Thirty-six people have now tested positive in connection with a Chilliwack dance studio, including the owner, two other instructors and 33 students.
The owner said that she is isolated from her family, trying to get over the illness, and she only ever did what health officials told her to do.
A week after Sarah Wood tested positive for COVID-19 on Oct. 26 and voluntarily shut down Capella Dance Academy, Fraser Health declared a COVID-19 outbreak.
On Nov. 2, the health authority said 26 people at the studio in the industrial area off Yale Road West had tested positive, a number that rose to 36 by Nov. 3.
People who contracted COVID-19, along with their close contacts, were told to self-isolate.
In an incident that Dr. Elizabeth Brodkin of Fraser Health agreed Tuesday was a “superspreader event”, there has been considerable confusion about how and when notifications were made.
“We are also working with the Chilliwack and Fraser-Cascade school districts to ensure they are informed of any potential exposure and are working together to ensure the safety of staff and students,” Fraser Health said in a press release.
Last week, letters were sent to families involved with the academy informing them of a COVID-19 case at the site.
Wood confirmed that she has the virus, and Fraser Health first said in a letter to affected parents that potential exposure might have occurred on Oct. 21 and 22. That was later updated on Nov. 2 to say those affected were spread over the dates of Oct. 20 to 27.
In one of two letters to parents, Wood urged those who weren’t feeling well to get tested. She also said she would be closing her studio even though Fraser Health never ordered it closed.
Parents with children at the studio expressed surprise because, they said, the academy had stricter COVID-19 protocols than public schools, including masks in common spaces, no adults in the dance studios, physical distancing, and staggered class times.
In its release announcing the outbreak, Fraser Health said it “will inspect the site and we are continuing to work with the dance academy to strengthen their COVID-19 mitigation strategies.”
In a lengthy media statement sent out Nov. 3, Wood responded to suggestions that information was not forthcoming about the outbreak, stating that she was “simply doing what I was told by the powers that be.”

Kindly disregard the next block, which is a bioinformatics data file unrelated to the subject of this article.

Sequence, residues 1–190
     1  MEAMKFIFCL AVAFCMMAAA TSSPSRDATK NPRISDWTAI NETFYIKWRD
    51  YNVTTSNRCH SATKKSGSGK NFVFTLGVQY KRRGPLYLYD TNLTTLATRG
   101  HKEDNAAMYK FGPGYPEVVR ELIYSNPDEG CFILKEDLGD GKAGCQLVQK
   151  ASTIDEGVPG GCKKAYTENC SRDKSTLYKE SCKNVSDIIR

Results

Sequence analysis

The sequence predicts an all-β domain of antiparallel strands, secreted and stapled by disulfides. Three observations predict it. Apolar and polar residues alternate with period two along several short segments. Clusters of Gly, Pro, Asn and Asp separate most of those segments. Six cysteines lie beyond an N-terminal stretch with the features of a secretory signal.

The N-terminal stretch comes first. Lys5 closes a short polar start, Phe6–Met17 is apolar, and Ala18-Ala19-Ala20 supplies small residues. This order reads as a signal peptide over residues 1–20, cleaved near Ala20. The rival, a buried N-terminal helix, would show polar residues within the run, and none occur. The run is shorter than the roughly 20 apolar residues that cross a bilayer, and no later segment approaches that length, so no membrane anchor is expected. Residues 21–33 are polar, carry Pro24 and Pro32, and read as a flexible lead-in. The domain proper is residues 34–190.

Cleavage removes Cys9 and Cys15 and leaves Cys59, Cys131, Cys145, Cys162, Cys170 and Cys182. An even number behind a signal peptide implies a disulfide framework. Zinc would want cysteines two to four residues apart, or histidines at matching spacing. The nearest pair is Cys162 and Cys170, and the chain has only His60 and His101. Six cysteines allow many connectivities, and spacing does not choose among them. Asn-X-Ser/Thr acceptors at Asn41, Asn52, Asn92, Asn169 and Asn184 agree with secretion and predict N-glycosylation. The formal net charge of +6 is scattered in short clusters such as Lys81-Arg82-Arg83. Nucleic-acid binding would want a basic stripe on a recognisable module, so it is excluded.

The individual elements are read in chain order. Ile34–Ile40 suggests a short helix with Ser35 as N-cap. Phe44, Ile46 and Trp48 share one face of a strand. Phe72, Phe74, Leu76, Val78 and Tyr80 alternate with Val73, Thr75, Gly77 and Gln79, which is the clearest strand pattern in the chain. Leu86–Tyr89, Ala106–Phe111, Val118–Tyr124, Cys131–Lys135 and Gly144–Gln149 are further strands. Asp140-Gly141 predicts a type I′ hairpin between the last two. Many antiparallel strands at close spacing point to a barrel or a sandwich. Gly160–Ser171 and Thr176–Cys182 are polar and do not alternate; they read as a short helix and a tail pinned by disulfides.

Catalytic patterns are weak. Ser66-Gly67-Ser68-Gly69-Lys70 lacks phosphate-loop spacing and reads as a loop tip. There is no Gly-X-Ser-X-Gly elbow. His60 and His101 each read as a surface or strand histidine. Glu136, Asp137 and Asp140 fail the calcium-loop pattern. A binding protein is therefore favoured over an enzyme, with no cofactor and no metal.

She gave a timeline of the events since her positive test on Oct. 26, after which she emailed the entire studio roster on Oct. 27 and closed the doors “still at this time receiving zero direction from Fraser Health.”
It wasn’t until Oct. 29, when she said contact tracers told her when she would have been contagious, information she should share with families directly affected.
“Thinking that wasn’t enough action I chose to send it to the entire studio,” she said. “At this point, a great deal of dancers chose to be tested. I’m glad they did as some with no symptoms at all tested positive…. I was contacted by Fraser Health and they are quite overwhelmed with the growing numbers in B.C.”
Wood said she did as she was ordered to do by Fraser Health, including sending an email to dancers to isolate for 14 days from the last day in the studio as a precaution. The health authority confirmed the studio closure was voluntary.
“I do not have any control on how fast Fraser Health is working. I have co-operated 110 per cent since the beginning to get this ball rolling. I do not have any control over how fast the school district is contacted. Fraser Health is in charge of all contact tracing.”
She added that obviously the virus did not start in her studio, and she has been as open and transparent as possible.
“The facts are that it’s in our community and regardless of all of the sanitizing, social distancing, masks in common areas it still made its way through our doors. I am not careless with my dancers or their families.”
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